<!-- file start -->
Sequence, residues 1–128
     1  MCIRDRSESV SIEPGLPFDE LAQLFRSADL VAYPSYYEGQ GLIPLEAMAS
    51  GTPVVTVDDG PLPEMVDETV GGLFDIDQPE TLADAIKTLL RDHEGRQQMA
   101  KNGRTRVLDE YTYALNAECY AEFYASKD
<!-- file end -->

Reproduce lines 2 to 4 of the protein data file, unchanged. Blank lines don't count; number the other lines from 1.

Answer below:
     1  MCIRDRSESV SIEPGLPFDE LAQLFRSADL VAYPSYYEGQ GLIPLEAMAS
    51  GTPVVTVDDG PLPEMVDETV GGLFDIDQPE TLADAIKTLL RDHEGRQQMA
   101  KNGRTRVLDE YTYALNAECY AEFYASKD